I figured it was only a matter of time before the Christian publishing world came up with a response to Post Secret, the wildly popular series of books that started with a simple website of postcard secrets people sent to the author.
What I didn’t figure was that it would be in the form of a book that despite having a subtle inspirational nod to the original is extremely unique in its own right. This book is Permission To Speak Freely by popular blogger Anne Jackson, who started this project with a simple question: What is one thing you feel you can’t say in church? The question, which originated on the web, solicited hundreds of responses and inspired a bounty of user-generated pieces of artwork.
Like Post Secret, the book features a collection of some of these user-generated responses to the question, but what makes the book more than just a coffee table conversation starter is Jackson’s prose and poetry that give context for her own journey of fear, confession.
One of the most memorable examples of this is when she talks about the Gift of Going Second, which is essentiality the practice of confessing your sin first so that you give someone the space and the comfort to confess their own sin second. It gave me goosebumps when Anne shares a story of how she confessed her struggle with pornography to a teenage girl she met at a concert because she felt the Holy Spirit telling her that this girl also struggled with similar issues. As she shares this story, it’s hard not to imagine yourself in the situation and how difficult it would be to confess something like that to a total stranger. But in the end, this simple confession leads to the beginning of healing for the girl, who has since gone on to help countless other teenage girls with similar struggles.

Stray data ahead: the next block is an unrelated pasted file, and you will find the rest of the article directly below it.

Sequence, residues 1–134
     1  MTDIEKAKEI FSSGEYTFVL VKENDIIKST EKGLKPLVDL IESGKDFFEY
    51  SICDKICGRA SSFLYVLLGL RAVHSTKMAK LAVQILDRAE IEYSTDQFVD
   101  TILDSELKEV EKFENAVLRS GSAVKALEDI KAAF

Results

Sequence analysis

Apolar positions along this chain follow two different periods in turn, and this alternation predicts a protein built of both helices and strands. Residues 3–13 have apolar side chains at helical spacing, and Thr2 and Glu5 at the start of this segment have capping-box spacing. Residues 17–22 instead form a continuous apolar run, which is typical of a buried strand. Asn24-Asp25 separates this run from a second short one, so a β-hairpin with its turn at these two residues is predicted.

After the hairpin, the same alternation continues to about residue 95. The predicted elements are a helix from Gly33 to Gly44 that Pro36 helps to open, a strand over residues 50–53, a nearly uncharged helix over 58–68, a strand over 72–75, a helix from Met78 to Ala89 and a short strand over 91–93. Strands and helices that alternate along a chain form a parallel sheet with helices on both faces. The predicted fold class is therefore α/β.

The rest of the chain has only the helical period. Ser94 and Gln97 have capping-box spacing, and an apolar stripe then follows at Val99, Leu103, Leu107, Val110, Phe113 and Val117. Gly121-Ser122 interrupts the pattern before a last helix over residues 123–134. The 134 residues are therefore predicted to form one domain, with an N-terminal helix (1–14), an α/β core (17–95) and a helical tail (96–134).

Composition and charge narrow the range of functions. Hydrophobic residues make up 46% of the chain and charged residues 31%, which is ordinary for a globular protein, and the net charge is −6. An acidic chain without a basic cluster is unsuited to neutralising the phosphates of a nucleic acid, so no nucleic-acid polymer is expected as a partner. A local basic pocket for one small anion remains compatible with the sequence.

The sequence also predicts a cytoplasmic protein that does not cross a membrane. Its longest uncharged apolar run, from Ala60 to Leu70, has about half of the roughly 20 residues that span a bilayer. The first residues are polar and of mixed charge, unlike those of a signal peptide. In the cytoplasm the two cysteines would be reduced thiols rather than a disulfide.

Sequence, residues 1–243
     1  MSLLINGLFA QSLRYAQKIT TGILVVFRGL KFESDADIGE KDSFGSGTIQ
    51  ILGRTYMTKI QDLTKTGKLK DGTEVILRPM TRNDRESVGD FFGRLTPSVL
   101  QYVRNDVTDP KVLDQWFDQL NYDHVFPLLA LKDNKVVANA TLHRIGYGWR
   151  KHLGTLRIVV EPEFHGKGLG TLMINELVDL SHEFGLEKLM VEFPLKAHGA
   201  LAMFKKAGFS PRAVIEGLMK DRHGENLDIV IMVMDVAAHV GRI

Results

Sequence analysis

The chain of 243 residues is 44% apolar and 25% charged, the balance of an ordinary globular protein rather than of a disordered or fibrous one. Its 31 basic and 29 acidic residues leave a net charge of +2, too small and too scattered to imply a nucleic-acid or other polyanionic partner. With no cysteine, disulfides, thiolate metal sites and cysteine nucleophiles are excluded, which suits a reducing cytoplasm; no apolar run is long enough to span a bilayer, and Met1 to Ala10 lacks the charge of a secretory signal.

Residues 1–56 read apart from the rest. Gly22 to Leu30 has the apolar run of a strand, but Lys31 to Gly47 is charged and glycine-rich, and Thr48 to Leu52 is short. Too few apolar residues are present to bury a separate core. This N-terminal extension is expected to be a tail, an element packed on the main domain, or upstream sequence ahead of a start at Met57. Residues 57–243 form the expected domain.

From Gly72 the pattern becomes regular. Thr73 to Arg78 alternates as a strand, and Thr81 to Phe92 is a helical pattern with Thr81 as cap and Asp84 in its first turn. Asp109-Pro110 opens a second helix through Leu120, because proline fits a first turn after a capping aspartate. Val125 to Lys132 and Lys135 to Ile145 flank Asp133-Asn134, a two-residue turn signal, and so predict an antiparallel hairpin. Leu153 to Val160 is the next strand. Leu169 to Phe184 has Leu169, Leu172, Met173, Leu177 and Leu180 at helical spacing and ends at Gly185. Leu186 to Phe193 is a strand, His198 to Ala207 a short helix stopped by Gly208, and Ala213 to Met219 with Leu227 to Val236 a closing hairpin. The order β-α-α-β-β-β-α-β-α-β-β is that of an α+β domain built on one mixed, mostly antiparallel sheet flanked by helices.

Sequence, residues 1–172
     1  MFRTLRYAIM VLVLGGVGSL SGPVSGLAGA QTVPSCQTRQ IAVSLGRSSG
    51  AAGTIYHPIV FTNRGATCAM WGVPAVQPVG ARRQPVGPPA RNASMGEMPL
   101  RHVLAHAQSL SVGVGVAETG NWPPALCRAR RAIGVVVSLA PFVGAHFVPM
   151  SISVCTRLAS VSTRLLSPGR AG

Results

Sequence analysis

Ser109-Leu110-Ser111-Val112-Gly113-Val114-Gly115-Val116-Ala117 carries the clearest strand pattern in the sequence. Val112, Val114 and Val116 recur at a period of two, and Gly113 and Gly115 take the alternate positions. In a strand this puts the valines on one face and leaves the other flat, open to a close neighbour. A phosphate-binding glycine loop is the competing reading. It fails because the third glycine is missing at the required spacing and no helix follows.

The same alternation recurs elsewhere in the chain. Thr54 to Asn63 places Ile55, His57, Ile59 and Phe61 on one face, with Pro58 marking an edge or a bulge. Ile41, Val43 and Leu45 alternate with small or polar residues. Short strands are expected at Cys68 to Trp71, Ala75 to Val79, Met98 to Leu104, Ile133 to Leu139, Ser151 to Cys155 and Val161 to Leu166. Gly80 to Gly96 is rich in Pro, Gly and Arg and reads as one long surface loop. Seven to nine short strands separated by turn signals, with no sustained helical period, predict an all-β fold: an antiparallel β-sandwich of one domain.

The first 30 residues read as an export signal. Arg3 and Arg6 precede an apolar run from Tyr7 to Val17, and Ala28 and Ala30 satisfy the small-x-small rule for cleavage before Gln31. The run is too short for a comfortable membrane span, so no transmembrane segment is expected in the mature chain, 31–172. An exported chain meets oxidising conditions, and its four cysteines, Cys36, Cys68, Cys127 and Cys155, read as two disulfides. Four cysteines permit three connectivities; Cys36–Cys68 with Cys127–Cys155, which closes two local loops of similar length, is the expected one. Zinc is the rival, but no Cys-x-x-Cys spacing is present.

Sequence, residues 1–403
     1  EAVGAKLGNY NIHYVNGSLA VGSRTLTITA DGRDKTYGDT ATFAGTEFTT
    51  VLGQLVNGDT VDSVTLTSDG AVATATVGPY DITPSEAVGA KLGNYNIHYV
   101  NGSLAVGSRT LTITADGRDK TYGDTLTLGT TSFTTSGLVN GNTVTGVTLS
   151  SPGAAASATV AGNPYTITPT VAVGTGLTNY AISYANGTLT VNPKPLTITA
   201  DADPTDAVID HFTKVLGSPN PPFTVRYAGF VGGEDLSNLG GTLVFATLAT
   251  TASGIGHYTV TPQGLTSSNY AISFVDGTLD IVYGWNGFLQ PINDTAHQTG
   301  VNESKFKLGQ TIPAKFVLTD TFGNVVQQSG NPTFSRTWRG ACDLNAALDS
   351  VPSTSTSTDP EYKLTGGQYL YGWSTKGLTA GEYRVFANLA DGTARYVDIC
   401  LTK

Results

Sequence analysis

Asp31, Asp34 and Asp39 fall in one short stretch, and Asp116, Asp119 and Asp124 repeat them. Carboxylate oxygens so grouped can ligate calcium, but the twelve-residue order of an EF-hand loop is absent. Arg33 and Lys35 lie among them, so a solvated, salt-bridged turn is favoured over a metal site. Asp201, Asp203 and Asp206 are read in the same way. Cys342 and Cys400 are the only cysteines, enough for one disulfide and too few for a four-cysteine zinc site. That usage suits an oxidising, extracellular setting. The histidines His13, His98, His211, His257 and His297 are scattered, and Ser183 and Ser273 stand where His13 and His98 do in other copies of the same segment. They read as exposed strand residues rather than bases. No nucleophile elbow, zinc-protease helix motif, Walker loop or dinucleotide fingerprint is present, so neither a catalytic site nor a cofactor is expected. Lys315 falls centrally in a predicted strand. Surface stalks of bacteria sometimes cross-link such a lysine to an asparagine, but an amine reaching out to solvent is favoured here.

That Anne Jackson doesn’t hold back in her own confessing throughout the book makes the entire book feel like a Gift of Going Second. As the title suggests, Anne’s honesty about her own struggles and her own messy journey of faith gives the reader Permission to Speak Freely about their own struggles with sin, with church and with other Christians.
Having finished the book, I have a strong urge to pass it along to others to read, but I have to balance that urge with the desire I have to, since the design itself is such a work of art, keep it on the shelf for the decoration alone. I recommended buying more than one copy – one to keep and one to pass on. In my mind, it’s that important of a book.
NOTE: A complimentary copy of this book was provided by its publisher, Thomas Nelson.